An alias for `SEEK_END'.

File: libc.info, Node: Descriptors and Streams, Next: Stream/Descriptor Precautions, Prev: File Position Primitive, Up: Low-Level I/O
13.4 Descriptors and Streams
============================
Given an open file descriptor, you can create a stream for it with the
`fdopen' function. You can get the underlying file descriptor for an
existing stream with the `fileno' function. These functions are
declared in the header file `stdio.h'.
-- Function: FILE * fdopen (int FILEDES, const char *OPENTYPE)
The `fdopen' function returns a new stream for the file descriptor
FILEDES.
The OPENTYPE argument is interpreted in the same way as for the
`fopen' function (*note Opening Streams::), except that the `b'
option is not permitted; this is because GNU systems make no
distinction between text and binary files. Also, `"w"' and `"w+"'
do not cause truncation of the file; these have an effect only
when opening a file, and in this case the file has already been
opened. You must make sure that the OPENTYPE argument matches the
actual mode of the open file descriptor.
The return value is the new stream. If the stream cannot be
created (for example, if the modes for the file indicated by the
file descriptor do not permit the access specified by the OPENTYPE
argument), a null pointer is returned instead.
In some other systems, `fdopen' may fail to detect that the modes
for file descriptor do not permit the access specified by
`opentype'. The GNU C Library always checks for this.
For an example showing the use of the `fdopen' function, see *note
Creating a Pipe::.
-- Function: int fileno (FILE *STREAM)
This function returns the file descriptor associated with the
stream STREAM. If an error is detected (for example, if the STREAM
is not valid) or if STREAM does not do I/O to a file, `fileno'
returns -1.
-- Function: int fileno_unlocked (FILE *STREAM)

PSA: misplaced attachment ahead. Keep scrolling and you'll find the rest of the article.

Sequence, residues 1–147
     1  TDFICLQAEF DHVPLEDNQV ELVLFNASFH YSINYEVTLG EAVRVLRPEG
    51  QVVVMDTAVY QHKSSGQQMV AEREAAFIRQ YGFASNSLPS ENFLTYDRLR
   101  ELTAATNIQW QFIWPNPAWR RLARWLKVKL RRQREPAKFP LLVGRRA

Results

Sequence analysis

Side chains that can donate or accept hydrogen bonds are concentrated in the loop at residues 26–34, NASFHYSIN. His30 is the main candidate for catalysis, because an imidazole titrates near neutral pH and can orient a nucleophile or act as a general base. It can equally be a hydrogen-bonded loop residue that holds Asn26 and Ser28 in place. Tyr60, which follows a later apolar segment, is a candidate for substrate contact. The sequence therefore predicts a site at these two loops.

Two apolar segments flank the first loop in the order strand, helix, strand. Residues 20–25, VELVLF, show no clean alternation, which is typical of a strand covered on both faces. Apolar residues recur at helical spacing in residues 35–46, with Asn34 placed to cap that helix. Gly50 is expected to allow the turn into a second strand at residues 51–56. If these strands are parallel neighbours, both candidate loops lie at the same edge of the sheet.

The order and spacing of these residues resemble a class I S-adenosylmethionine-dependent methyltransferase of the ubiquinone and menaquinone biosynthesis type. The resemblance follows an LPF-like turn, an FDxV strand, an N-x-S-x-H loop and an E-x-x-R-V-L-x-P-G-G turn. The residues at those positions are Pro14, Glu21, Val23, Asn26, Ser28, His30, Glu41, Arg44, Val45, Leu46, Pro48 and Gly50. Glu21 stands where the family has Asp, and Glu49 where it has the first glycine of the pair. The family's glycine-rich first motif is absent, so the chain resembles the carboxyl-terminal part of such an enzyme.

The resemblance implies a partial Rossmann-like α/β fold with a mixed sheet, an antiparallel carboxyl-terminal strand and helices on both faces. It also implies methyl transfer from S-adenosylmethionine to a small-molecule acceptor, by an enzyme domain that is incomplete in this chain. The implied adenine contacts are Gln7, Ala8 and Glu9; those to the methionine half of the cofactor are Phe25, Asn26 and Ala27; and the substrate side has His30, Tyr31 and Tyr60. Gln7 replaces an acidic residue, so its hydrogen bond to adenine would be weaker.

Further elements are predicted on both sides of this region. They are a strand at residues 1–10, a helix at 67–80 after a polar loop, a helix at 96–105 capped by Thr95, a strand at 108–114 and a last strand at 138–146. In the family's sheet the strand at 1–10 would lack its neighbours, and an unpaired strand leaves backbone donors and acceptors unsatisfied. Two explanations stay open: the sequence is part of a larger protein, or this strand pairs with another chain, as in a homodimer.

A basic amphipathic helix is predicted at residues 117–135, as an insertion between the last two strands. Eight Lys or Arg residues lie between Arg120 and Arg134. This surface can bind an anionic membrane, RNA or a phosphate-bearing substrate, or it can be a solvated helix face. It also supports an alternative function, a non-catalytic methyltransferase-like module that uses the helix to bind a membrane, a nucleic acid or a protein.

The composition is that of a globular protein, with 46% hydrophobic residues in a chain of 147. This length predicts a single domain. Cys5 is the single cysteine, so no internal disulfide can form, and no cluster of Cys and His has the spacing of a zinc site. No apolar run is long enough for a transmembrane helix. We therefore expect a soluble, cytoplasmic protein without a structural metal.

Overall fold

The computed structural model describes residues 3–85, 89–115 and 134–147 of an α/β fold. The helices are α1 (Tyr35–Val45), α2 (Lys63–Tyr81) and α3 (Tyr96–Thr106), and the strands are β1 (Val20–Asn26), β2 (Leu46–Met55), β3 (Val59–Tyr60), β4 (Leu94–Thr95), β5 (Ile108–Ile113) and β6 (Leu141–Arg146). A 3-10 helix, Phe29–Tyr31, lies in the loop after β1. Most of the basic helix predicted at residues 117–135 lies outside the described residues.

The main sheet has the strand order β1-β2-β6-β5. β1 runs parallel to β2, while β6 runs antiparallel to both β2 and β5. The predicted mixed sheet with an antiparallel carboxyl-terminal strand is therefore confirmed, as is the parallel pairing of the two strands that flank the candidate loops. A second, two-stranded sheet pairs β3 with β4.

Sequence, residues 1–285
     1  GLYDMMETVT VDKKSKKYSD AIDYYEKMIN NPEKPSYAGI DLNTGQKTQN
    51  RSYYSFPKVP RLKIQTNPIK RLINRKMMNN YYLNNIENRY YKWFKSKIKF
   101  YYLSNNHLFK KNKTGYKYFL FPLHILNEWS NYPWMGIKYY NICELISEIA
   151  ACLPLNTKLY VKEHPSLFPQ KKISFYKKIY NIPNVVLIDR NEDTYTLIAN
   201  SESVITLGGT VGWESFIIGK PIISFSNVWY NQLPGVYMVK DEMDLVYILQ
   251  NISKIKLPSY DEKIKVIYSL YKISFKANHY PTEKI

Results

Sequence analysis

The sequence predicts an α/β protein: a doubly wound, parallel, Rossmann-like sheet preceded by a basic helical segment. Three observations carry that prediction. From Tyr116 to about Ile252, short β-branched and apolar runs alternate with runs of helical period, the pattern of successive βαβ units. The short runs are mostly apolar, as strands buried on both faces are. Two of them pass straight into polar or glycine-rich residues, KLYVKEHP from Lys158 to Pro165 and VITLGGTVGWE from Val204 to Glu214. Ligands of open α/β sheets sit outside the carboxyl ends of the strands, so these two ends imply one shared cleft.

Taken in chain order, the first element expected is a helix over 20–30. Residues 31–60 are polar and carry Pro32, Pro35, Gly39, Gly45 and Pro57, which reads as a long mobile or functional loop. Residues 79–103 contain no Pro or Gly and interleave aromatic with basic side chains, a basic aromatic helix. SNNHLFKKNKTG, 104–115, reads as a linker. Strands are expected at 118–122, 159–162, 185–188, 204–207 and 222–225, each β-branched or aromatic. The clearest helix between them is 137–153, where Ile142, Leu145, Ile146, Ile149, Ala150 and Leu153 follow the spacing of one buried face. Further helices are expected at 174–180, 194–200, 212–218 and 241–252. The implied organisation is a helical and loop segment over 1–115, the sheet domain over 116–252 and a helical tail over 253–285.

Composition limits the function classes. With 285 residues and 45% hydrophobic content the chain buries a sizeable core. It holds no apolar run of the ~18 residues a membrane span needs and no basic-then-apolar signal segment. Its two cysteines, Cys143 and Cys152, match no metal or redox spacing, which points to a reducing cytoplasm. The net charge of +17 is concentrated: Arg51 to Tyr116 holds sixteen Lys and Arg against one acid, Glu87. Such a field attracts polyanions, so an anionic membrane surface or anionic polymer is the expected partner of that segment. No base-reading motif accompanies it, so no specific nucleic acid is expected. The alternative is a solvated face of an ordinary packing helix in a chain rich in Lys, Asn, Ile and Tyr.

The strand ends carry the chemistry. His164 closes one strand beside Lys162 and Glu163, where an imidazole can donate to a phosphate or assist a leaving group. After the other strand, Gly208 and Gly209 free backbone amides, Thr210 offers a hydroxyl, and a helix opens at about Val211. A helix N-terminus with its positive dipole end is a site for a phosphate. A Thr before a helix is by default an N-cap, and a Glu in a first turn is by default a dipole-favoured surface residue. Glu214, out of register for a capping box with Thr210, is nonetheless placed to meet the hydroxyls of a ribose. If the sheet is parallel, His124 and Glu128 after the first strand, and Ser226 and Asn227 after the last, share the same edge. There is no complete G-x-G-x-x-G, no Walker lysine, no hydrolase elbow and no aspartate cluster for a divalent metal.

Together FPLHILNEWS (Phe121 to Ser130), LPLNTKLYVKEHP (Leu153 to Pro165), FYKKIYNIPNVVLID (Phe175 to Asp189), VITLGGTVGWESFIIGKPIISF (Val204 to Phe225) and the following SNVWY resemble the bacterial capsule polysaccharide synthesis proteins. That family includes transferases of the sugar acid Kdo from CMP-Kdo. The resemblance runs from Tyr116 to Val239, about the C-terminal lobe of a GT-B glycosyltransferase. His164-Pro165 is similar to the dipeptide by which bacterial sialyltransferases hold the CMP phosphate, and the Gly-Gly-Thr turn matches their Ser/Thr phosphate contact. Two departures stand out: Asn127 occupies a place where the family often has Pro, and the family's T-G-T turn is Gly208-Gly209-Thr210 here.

The `fileno_unlocked' function is equivalent to the `fileno'
function except that it does not implicitly lock the stream if the
state is `FSETLOCKING_INTERNAL'.
This function is a GNU extension.
There are also symbolic constants defined in `unistd.h' for the file
descriptors belonging to the standard streams `stdin', `stdout', and
`stderr'; see *note Standard Streams::.
`STDIN_FILENO'
This macro has value `0', which is the file descriptor for
standard input.
`STDOUT_FILENO'
This macro has value `1', which is the file descriptor for
standard output.
`STDERR_FILENO'
This macro has value `2', which is the file descriptor for
standard error output.

File: libc.info, Node: Stream/Descriptor Precautions, Next: Scatter-Gather, Prev: Descriptors and Streams, Up: Low-Level I/O
13.5 Dangers of Mixing Streams and Descriptors
==============================================
You can have multiple file descriptors and streams (let's call both
streams and descriptors "channels" for short) connected to the same
file, but you must take care to avoid confusion between channels. There
are two cases to consider: "linked" channels that share a single file
position value, and "independent" channels that have their own file
positions.
It's best to use just one channel in your program for actual data
transfer to any given file, except when all the access is for input.
For example, if you open a pipe (something you can only do at the file
descriptor level), either do all I/O with the descriptor, or construct a
stream from the descriptor with `fdopen' and then do all I/O with the
stream.
* Menu:
* Linked Channels:: Dealing with channels sharing a file position.
* Independent Channels:: Dealing with separately opened, unlinked channels.
* Cleaning Streams:: Cleaning a stream makes it safe to use
another channel.

File: libc.info, Node: Linked Channels, Next: Independent Channels, Up: Stream/Descriptor Precautions
13.5.1 Linked Channels
----------------------
Channels that come from a single opening share the same file position;